Books: Crime Round-Up

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The Independent Culture
Reprisal by Mitchell Smith, Headline, pounds 17.99. The people closest to professor of English Joanna Reed keep dying under strange circumstances. First, her husband in a sailing accident. Verdict: carelessness. Next, her father in a fire. Verdict: drunken accident. Then, in what appears to be a suicide, her beloved daughter. She believes that they were murdered, the killer and motive unknown. The authorities disagree, and Joanna's insistence that she is the victim of a conspiracy is met by suggestions that at best she is a damned nuisance, and at worst that she is going mad. To try to hold on to her sanity she writes poetry and, ignoring safety rules, explores the caves close to her home in New England where in the darkness and danger she believes she can find peace. But to no avail. She ends up in hospital with a nervous breakdown, and the only human contact she can bear is the young woman who was her daughter's friend at college and who cares for her through her illness. But is the girl truly her friend? Mitchell Smith keeps the tension screwed up tight as Joanna becomes involved with the local underworld in her search for answers to the deaths in her family. She realises that the past is always with us, and that mistakes made in our youth cannot simply be dismissed. Finally, in a cracking climax, she and the killer meet deep underground.

East Bay Grease by Eric Miles Williamson, Bloomsbury pounds 9.99. This is not a crime novel in the strict sense of the term. But there is enough crime in this tale of life in Sixties and Seventies Oakland, California, where hippies, Hell's Angels and Latinos maintain an uneasy and violent coexistence fuelled by tequila, cocaine, marijuana, acid and beer, to satisfy the most picky aficionado of the genre. T-Bird Murphy is a young boy, growing up wild in an Angel's HQ where his mother entertains the bikers with her ample charms. T-Bird loves jazz and religiously practices on his silver trumpet, but she prefers Iron Butterfly and Credence Clearwater Revival and smashes all his records before running off with yet another of life's losers, leaving him to fend for himself until his father comes out of jail and takes him to live in a trailer at the back of the Mohawk service station in town. T-Bird wheels, deals and steals through his adolescence, before taking off in his old truck to wander the highways and backroads of north-west America. This is no story of American affluence. It shows the other side of the Californian dream as T-Bone works as a tyre fitter with his dad, then, after they quarrel, hooks up with a construction gang, spraying liquid cement, from a high pressure hose that can suddenly jerk out of control and kill its operator. At night he plays trumpet in a Mexicali band for little money but lots of liquor and girls. It's often an ugly and depressing story: his two brothers are killed in separate but equally senseless incidents, and his father takes revenge for one of them by burning a Mexican family alive; his mother returns with the last in the long line of husbands, this one being younger than T-Bird himself. But there is also beauty in this book, when T-Bird plays his music and is transported to a different place. This powerful first novel reads like a biography and it is no surprise to read that the author has first-hand experience of both music and the construction business, and himself grew up in Oakland, CA.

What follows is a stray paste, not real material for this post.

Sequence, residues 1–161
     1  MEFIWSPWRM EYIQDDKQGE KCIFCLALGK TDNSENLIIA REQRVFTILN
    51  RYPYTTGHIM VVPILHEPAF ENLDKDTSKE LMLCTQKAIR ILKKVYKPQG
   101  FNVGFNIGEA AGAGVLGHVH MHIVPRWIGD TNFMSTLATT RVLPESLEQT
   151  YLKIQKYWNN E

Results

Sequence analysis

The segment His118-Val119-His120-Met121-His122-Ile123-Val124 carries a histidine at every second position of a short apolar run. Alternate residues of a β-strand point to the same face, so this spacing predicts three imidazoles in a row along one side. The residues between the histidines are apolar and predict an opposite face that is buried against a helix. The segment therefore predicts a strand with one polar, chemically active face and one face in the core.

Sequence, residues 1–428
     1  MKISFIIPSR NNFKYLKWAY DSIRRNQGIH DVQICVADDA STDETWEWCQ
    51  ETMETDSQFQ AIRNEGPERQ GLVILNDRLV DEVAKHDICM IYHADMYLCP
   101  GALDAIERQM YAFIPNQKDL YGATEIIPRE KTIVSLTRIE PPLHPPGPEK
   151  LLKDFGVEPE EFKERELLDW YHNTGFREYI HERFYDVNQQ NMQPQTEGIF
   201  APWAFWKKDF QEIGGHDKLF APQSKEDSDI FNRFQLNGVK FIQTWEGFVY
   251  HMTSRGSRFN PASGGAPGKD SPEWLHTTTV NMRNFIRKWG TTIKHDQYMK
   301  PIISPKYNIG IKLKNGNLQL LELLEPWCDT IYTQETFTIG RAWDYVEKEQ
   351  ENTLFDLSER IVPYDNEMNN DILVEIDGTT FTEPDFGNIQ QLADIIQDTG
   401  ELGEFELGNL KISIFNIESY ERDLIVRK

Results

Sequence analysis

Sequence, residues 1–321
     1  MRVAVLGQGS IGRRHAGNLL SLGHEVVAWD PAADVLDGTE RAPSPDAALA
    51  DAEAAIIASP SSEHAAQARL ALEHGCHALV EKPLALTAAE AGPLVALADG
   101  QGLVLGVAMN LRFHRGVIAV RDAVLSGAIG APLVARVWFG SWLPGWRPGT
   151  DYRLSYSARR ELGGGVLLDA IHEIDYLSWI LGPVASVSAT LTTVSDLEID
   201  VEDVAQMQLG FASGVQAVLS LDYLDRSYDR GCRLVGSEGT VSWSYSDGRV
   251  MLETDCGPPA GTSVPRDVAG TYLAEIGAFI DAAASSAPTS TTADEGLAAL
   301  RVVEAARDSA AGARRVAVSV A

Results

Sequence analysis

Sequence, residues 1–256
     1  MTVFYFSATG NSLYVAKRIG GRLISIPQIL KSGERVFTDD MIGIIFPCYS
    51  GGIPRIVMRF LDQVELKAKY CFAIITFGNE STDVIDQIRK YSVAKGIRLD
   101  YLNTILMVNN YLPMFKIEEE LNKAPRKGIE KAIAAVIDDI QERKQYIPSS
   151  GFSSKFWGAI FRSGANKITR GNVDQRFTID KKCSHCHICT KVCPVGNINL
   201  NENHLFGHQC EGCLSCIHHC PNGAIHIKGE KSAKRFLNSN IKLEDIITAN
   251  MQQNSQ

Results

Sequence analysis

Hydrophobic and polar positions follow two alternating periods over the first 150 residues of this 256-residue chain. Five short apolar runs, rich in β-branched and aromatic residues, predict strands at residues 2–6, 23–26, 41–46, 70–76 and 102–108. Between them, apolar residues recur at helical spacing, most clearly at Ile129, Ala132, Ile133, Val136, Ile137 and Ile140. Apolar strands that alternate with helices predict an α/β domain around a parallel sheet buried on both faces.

Bright Lights by Daniel Woodrell, No Exit pounds 6.99 / Tomato Red by Daniel Woodrell, No Exit pounds 10. Of all the Southern-fried crime writers to come out of the swamps and bayous of the Confederate states over the past two decades, Daniel Woodrell is perhaps the best. I'll admit it's a close call with James Lee Burke, but as the latter's books become more like travel agent's brochures, Woodrell stays right down in the gutter where frankly this kind of writing deserves to live.

Under The Bright Lights is his first novel, reprinted from 1986, and Tomato Red is his latest. Both feature a cast of beautiful losers who tend not to last the course, set against villains who often do. His outstanding debut introduced the Shade brothers, one a crook running a bar where even angels might be well advised not to tread, one a cop, and one a lawyer, who re-appear in two subsequent works.

Thirteen years and five novels later comes Tomato Red. Sammy Barlach (such great names these people have) is a redneck, screw-up, small-time criminal stuck in Nowheresville, Missouri sweeping up in a dog food factory for a living. After a weekend of serious drug and alcohol abuse he attempts a burglary that leaves him trussed up like a Christmas turkey by an incestuous brother-and-sister team who have already turned the house over. The pair take pity on Sammy and introduce him to their mother, a beautiful whore doing business out of a shotgun shack in Venus Holler. When the trio offer him the chance to improve himself in the criminal fraternity he jumps at it. But then the brother is murdered, and when Sammy and his two female companions try to get to the bottom of the case, things get well out of hand. There's a direct line in Woodrell's writing from the likes of Jim Thompson, John D MacDonald and Charles Willeford, but this guy is a one-off, an individual we're going to hear a lot more from in the future.